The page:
We have been moved yet another step closer to planetary destruction, Brian Cloughley writes.
On April 29 Tom Engelhardt, a respected commentator on world affairs, published a piece examining America’s everlasting wars and concluded “The question that Americans seldom even think to ask is this: What if the U.S. were to begin to dismantle its empire of bases, repurpose so many of those militarized taxpayer dollars to our domestic needs, abandon this country’s focus on permanent war, and forsake the Pentagon as our holy church? What if, even briefly, the wars, conflicts, plots, killings, drone assassinations, all of it stopped? What would our world actually be like if you simply declared peace and came home?”
As he well knows, the answer is that the world would be a better, safer and much more attractive place in which to live. But, as he laments, there seems to be little chance of that happening, because there will be no change of mind or policy on the part of the Military-Industrial Complex that spreads its wings from Washington to the furthest part of the United States, the country that could lead the world in pursuit of peace.
We are all concerned about climate change because it is having such an adverse impact on people in so many countries and is likely to continue to be the greatest threat to global stability — apart from the other change that is firmly under control of the movers and shakers in Washington’s corridors of power.
The ultimate threat to our very existence is that of nuclear war, and instead of trying to bend their undoubtedly gifted minds to devising means to reduce that menace, the Pentagon’s planners and pushers, aided to the hilt by politicians and others with financial interests in weapons’ production, are intent on extending America’s nuclear clout around the world and into space.
The U.S. military’s Strategic Command (STRATCOM) describes itself as a “global warfighting combatant command” which “delivers a dominant strategic force and innovative team to maintain our Nation’s enduring strength, prevent and prevail in great power conflict, and grow the intellectual capital to forge 21st century strategic deterrence.” Given this Mission, STRATCOM considers itself to be the “ultimate guarantor of national and allied security” and is ready at a moment’s notice to deliver a “decisive response” which means it is ready to destroy the world with nuclear weapons.
The head of this organisation, Admiral Charles Richard, addressed the Senate Armed Forces Committee on April 20 and among other things declared that “While China’s nuclear stockpile is currently smaller (but undergoing an unprecedented expansion) than those fielded by Russia and the United States, the size of a nation’s weapons stockpile is a crude measure of its overall strategic capability.” No doubt this caused as much mirth in Beijing as in many other world capitals, but the fact remains that he did not publicly state the quantities of weapons held by China and the U.S. — most likely because the disparity is so palpable as to be ludicrous.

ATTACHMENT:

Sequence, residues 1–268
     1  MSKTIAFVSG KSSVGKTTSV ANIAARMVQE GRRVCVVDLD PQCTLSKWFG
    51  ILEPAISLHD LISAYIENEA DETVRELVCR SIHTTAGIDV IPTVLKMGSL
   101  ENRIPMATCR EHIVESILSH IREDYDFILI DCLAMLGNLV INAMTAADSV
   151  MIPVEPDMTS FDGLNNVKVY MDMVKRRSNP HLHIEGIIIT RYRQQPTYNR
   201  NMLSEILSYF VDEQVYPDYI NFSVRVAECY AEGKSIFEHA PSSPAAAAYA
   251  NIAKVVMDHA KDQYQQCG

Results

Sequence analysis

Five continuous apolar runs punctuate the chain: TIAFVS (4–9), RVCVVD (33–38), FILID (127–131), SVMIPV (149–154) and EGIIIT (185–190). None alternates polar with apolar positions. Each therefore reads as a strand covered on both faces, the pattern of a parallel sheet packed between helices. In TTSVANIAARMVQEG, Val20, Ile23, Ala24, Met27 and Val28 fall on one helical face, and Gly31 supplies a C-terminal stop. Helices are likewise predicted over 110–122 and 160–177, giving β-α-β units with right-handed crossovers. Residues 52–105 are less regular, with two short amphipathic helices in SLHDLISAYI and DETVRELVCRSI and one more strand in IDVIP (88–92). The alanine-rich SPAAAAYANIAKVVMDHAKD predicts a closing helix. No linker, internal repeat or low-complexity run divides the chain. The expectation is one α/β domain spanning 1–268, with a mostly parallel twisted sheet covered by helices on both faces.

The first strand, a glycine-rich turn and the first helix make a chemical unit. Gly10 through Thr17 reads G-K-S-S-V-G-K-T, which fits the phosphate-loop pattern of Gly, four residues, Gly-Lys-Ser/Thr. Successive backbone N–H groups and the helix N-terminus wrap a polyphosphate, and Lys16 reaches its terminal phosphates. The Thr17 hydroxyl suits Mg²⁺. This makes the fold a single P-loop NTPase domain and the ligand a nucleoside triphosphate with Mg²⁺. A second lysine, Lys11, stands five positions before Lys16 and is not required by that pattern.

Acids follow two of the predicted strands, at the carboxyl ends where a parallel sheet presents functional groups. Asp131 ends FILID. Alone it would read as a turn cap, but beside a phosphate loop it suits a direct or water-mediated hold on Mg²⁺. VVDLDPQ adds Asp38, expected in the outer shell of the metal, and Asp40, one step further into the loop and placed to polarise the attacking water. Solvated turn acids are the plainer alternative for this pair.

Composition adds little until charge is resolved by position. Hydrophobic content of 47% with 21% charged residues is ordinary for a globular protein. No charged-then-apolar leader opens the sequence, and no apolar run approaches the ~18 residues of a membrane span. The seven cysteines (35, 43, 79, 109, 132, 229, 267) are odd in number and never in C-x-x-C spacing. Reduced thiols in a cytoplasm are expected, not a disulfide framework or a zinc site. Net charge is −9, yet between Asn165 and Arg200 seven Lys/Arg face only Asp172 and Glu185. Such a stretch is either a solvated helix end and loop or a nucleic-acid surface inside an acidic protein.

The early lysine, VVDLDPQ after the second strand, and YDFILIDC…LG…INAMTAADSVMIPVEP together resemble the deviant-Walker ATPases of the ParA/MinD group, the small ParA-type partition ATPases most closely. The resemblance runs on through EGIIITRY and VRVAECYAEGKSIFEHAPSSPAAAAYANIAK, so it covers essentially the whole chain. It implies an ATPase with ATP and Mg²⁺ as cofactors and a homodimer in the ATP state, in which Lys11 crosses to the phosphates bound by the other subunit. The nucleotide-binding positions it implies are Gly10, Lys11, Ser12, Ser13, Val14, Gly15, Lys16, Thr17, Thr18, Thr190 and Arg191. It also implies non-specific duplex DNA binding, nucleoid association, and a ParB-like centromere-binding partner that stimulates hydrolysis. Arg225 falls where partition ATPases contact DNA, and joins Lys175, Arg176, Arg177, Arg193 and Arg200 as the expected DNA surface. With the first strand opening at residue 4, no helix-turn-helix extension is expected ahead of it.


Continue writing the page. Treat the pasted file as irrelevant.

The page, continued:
According to the Stockholm International Peace Research Institute (whose information can be trusted) the U.S. has a total of 5,800 nuclear weapons, of which 1,750 are deployed. These are, therefore, ready for instant use, at a moment’s notice. (The others are “stored or reserve warheads and retired warheads awaiting dismantlement.”)
On the other hand, China has 320 nuclear weapons and, as SIPRI notes, “is in the middle of a significant modernization of its nuclear arsenal. It is developing a so-called nuclear triad for the first time, made up of new land- and sea-based missiles and nuclear-capable aircraft.”
Admiral Richard, the director of Washington’s long-existing nuclear triad, considers China’s development of a nuclear force to be unwarranted and deplorable. He announced to the Committee that “China is rapidly improving its strategic nuclear capability and capacity, with rapid growth in road mobile production, doubling the numbers of launchers in some ICBM brigades, deployment of solid fuel intercontinental ballistic missile (ICBM) silos on a potentially large-scale, an added air leg, and are well ahead of the pace necessary to double their nuclear stockpile by the end of the decade.” [Emphasis added.]